In the meantime, the men of religion who were present began to exert themselves to prevent so fratricidal a collision of these armies, between whose opposing ranks so many families were divided. Henry yielded to their wishes, and offered to his brother terms of reconciliation which reveal not merely his belief in the strength of his position in the country and his confidence of success, but something also of his general motive. The ardour of religious zeal which the historian makes Henry profess we may perhaps set aside, but the actual terms offered speak for themselves. Robert was to surrender to Henry all the castles and the jurisdiction and administration of the whole duchy. This being done, Henry would turn over to him, without any exertion on his part, the revenues of half the duchy to enjoy freely in the kind of life that best pleased him. If Robert had been a different sort of man, we should commend his rejection of these terms. Possibly he recalled Henry’s earlier promise of a pension, and had little confidence in the certainty of revenues from this source. But Henry, knowing the men whose advice Robert would ask before answering, had probably not expected his terms to be accepted.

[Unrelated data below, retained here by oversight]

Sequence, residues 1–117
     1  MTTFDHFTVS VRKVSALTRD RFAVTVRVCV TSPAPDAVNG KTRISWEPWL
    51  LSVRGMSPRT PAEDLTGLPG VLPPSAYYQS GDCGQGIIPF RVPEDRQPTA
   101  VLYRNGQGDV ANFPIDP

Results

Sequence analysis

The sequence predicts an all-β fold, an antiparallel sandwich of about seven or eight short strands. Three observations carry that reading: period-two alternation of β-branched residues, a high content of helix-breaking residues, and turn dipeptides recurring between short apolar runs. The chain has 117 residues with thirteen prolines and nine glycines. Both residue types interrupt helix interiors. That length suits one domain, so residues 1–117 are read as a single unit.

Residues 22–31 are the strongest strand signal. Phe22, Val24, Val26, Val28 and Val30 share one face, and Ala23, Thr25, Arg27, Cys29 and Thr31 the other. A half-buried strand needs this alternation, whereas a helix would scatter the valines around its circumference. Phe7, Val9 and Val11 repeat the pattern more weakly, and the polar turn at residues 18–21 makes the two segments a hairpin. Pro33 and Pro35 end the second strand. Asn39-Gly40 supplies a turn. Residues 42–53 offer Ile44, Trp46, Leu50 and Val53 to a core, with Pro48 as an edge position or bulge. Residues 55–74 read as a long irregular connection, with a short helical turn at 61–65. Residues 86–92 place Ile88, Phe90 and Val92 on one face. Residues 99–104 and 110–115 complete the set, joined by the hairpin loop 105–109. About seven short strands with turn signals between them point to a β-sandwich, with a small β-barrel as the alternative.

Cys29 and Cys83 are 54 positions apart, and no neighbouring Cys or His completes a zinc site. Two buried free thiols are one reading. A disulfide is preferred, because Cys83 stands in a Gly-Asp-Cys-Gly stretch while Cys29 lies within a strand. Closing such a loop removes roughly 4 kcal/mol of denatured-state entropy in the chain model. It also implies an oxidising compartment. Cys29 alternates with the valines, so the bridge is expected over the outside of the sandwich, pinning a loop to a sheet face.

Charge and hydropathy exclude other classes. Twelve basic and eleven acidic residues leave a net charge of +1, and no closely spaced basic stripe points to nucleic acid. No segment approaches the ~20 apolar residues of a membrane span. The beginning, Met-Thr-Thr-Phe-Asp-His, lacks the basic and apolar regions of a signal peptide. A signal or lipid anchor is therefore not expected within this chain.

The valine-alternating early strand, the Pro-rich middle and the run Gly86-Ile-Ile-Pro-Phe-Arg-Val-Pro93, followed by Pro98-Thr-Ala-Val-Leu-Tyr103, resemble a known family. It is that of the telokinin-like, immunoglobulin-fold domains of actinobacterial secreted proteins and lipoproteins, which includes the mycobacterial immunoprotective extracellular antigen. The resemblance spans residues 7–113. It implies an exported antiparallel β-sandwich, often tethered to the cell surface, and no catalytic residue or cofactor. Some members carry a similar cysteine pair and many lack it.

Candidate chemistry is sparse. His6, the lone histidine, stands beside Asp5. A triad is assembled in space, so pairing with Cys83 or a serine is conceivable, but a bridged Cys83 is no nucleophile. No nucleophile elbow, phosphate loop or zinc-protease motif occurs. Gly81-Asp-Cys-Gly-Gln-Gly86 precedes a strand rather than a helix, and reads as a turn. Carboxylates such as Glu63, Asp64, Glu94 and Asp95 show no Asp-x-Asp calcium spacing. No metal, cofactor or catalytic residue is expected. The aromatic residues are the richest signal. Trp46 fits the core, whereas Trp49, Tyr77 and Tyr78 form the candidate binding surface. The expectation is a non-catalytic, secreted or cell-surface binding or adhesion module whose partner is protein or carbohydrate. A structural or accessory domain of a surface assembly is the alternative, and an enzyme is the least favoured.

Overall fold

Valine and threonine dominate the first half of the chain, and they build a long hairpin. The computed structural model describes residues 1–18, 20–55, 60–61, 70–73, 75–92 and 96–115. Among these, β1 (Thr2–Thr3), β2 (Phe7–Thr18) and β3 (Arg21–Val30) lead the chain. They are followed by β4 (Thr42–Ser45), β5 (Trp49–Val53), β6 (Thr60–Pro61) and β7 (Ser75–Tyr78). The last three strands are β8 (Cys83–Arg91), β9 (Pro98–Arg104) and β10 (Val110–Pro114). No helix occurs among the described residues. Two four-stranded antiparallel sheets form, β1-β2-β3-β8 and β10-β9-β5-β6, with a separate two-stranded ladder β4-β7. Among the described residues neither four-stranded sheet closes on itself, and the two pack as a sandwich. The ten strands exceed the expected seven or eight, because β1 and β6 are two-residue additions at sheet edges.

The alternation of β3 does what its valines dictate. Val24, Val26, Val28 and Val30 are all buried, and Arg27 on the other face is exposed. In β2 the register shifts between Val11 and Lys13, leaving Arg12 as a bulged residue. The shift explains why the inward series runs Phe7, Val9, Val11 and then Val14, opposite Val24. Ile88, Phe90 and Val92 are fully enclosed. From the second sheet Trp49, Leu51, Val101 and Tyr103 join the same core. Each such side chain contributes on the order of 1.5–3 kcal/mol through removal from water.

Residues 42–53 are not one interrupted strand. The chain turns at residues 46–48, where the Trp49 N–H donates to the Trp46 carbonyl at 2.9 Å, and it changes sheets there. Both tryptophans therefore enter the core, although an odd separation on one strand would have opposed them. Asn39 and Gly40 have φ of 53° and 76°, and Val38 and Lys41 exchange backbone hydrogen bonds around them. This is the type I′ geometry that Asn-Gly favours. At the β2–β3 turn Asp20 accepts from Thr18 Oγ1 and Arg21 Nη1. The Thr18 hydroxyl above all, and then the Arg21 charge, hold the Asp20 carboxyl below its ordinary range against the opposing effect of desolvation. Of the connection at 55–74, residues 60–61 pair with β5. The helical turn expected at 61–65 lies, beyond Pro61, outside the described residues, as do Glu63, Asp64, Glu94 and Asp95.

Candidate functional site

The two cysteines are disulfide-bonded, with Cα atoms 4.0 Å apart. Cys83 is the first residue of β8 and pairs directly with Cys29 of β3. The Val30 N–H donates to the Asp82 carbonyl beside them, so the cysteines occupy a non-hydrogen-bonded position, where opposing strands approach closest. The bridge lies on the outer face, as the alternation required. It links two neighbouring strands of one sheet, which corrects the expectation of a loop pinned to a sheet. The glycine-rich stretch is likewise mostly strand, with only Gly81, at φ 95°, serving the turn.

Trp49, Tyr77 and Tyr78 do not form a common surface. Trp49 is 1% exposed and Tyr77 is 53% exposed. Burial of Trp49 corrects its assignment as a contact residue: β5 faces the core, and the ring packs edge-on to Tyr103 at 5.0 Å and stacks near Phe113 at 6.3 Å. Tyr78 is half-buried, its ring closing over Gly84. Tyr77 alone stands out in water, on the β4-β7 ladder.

The battle was fought on September 28, and it was fiercely fought, the hardest fight and with the largest forces of any in which Normans or Englishmen had been engaged for forty years. The main body of both armies fought on foot. The Count of Mortain, in command of Robert’s first division, charged Henry’s front, but was met with a resistance which he could not overcome. In the midst of this struggle Robert’s flank was charged by Henry’s mounted allies, under Count Elias of Maine, and his position was cut in two. Robert of Bellême, who commanded the rear division, seeing the battle going against the duke, took to flight and left the rest of the army to its fate. This was apparently to surrender in a body. Henry reports the number of common soldiers whom he had taken as ten thousand, too large a figure, no doubt, but implying the capture of Robert’s whole force. His prisoners of name comprised all the leaders of his brother’s side except Robert of Bellême, including the duke himself, Edgar the English atheling, who was soon released, and William of Mortain. The victory at once made Henry master of Normandy. There could be no further question of this, and it is of interest to note that the historian, William of Malmesbury, who in his own person typifies the union of English and Norman, both in blood and in spirit, records the fact that the day was the same as that on which the Conqueror had landed forty years earlier, and regards the result as reversing that event, and as making Normandy subject to England. This was not far from its real historical meaning.